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NON-TRADITIONAL CALIBRATION STRATEGIES FOR APPLICATIONS IN ATOMIC SPECTROMETRY

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abstract
Calibration is one of the most important steps of any analytical chemistry procedure. The selection of an appropriate calibration strategy, therefore, is of utmost importance when beginning any analysis. In the field of analytical chemistry, there are three most commonly used calibration methods: external standard calibration (EC), internal standard calibration (IS), and standard additions (SA). Careful consideration should be made when selecting a calibration method, as each of these three have their benefits and drawbacks. EC works best in applications in which the matrix of the sample is nearly identical to the matrix of the standard solutions. This typically means the sample needs to be in a very clean matrix. However, this is commonly not the case. IS works to correct for variations in sample volume, transport, and other problems associated with physical characteristics of the sample. SA is commonly used when the matrix of the sample is very complex, which EC and IS cannot correct for. While SA is one of the most sought after for correcting for major problems associated with matrix effects, it is very time consuming and labor intensive. Several alternative calibration methods have been proposed for overcoming the limitations of EC, IS, and SA. These calibration methods typically aim to either: (a) improve accuracy and precision, (b) increase sample throughput, (c) simplify sample preparation, or (d) minimize reagent consumption and waste. One of the more recently proposed methods is standard dilution analysis (SDA). SDA works by combining the main principles of IS and SA calibration into one novel calibration strategy. Two solutions, containing sample and standard, and sample and blank, are mixed with each other, and data is collected throughout the mixing process. Though the technique works very well, in its original form, there were some drawbacks, including relatively low sample throughput, difficult data processing, and the inability to automate the technique. In each of the works illustrated here, we find alternative ways to use SA to improve accuracy, and improve SDA to achieve higher sample throughput while keeping the high accuracy of the method. The performance of the extrapolation, interpolation, reversed-axis and normalization approaches in SA were evaluated and compared. The problems related with data processing and automation of SDA were addressed by adding a second IS species to the sample preparation procedure, and fashioning a mixing chamber for automated mixing. Sample throughput issues were addressed by developing a matrix-matched, two-point calibration technique based on the theory of SDA calibration. The applicability of the newly developed technique was explored over a wide range of concentrations, and the ultimate linearity of the calibration was further explored.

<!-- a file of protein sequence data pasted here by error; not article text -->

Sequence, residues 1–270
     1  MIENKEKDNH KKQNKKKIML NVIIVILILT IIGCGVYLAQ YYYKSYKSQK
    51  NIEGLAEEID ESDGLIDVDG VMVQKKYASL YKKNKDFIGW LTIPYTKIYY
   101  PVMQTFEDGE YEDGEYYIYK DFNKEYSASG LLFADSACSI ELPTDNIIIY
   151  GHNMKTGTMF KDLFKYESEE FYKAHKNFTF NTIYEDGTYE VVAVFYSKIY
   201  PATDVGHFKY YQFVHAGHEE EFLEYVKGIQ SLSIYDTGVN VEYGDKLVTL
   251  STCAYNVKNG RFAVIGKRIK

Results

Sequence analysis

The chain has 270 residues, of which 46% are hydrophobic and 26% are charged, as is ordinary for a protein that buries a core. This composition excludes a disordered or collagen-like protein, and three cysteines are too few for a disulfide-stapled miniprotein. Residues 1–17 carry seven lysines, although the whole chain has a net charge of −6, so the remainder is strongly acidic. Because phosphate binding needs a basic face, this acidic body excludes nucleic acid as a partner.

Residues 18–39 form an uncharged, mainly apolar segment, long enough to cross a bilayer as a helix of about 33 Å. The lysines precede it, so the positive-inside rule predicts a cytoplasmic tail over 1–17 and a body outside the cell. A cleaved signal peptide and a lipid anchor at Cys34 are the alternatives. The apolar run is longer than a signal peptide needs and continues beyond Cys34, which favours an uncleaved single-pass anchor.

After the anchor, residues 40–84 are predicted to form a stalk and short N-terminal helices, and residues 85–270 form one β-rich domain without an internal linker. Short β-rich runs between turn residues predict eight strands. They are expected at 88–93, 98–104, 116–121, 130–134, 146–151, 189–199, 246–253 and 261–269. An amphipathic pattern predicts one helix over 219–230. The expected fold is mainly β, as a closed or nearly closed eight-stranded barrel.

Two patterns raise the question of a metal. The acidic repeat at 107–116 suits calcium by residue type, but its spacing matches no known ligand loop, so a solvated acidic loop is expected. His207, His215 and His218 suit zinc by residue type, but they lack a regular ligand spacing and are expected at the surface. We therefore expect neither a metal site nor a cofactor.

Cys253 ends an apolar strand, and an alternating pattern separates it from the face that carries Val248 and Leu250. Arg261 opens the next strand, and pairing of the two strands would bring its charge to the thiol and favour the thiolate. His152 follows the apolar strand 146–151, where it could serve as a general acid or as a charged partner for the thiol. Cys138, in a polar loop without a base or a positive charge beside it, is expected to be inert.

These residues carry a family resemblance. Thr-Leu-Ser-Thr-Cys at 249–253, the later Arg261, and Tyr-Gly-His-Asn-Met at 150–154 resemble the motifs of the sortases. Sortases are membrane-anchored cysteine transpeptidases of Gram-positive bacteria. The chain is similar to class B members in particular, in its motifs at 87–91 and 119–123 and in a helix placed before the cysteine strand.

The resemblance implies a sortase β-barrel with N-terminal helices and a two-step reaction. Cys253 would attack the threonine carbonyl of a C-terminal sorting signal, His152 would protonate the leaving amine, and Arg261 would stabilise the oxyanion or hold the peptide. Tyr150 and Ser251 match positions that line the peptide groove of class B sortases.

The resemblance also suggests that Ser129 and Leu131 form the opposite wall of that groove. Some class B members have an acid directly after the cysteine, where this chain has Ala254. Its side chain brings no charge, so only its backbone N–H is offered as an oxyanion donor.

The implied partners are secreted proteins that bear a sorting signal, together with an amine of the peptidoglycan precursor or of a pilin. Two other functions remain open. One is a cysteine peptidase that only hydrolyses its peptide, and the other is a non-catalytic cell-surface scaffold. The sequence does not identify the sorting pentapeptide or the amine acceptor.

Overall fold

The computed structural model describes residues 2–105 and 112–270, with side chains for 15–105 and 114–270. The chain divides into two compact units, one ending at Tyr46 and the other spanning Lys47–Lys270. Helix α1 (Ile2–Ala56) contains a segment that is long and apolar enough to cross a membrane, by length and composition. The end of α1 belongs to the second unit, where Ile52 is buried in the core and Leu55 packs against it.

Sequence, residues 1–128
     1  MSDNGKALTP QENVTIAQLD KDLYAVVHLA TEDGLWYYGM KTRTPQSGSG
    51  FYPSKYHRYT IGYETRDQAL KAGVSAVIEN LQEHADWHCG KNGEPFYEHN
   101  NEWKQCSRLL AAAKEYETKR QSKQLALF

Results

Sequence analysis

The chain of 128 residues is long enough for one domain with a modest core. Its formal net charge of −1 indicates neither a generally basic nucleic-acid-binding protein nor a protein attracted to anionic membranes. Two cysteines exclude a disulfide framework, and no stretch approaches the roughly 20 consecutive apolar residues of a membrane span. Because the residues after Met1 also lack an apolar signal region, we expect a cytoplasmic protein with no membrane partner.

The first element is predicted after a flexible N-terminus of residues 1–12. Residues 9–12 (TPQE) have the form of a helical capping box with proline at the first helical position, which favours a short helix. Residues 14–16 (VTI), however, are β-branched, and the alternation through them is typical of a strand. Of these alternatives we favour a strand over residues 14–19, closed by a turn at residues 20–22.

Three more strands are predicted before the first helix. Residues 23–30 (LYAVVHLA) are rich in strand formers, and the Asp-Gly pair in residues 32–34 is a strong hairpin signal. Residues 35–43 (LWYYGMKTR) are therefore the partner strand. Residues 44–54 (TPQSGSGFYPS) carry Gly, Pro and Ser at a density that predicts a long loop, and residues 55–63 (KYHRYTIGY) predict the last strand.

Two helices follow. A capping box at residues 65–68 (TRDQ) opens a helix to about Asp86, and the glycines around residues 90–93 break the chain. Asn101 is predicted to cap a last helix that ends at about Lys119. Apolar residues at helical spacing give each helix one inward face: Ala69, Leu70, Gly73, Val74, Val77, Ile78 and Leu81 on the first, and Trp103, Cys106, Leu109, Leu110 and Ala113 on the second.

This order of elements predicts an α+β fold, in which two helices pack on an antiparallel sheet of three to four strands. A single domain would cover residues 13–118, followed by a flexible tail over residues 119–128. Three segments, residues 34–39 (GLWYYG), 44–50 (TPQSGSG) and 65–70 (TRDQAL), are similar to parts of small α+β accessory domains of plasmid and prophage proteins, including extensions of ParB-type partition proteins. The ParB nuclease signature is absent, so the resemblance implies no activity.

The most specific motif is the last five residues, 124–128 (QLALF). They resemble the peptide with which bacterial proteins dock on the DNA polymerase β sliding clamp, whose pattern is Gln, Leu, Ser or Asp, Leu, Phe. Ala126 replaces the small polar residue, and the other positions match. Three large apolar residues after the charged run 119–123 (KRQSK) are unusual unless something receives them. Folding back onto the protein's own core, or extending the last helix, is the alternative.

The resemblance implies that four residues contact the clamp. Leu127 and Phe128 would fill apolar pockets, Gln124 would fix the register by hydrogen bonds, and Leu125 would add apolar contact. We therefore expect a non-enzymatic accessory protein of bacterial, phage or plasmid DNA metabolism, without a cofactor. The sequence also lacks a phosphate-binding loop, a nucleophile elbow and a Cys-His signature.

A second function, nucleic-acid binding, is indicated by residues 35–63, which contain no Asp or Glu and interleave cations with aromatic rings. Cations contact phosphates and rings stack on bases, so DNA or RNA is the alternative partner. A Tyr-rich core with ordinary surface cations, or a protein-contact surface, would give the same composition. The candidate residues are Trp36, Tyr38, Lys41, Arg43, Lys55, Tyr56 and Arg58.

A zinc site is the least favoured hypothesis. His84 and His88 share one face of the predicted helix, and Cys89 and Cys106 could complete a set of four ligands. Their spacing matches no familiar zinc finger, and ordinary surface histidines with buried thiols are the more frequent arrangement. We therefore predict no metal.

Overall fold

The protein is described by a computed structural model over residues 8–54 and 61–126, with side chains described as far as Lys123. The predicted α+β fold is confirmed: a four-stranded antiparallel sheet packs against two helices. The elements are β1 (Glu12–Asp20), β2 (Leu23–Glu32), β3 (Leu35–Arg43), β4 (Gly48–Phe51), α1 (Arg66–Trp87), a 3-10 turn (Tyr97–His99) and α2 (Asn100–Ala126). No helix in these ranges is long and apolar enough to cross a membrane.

subject
contributor
Sloop, John T (author)
Jones, Bradley T (committee chair)
Calloway, Clifton P (committee member)
Colyer, Christa L (committee member)
Geyer, Scott M (committee member)
King, Stephen B (committee member)
date
2021-06-03T08:35:45Z (accessioned)
2021-06-03T08:35:45Z (available)
2021 (issued)
degree
Chemistry (discipline)
identifier
http://hdl.handle.net/10339/98775 (uri)
language
en (iso)
publisher
Wake Forest University
title
NON-TRADITIONAL CALIBRATION STRATEGIES FOR APPLICATIONS IN ATOMIC SPECTROMETRY
type
Dissertation

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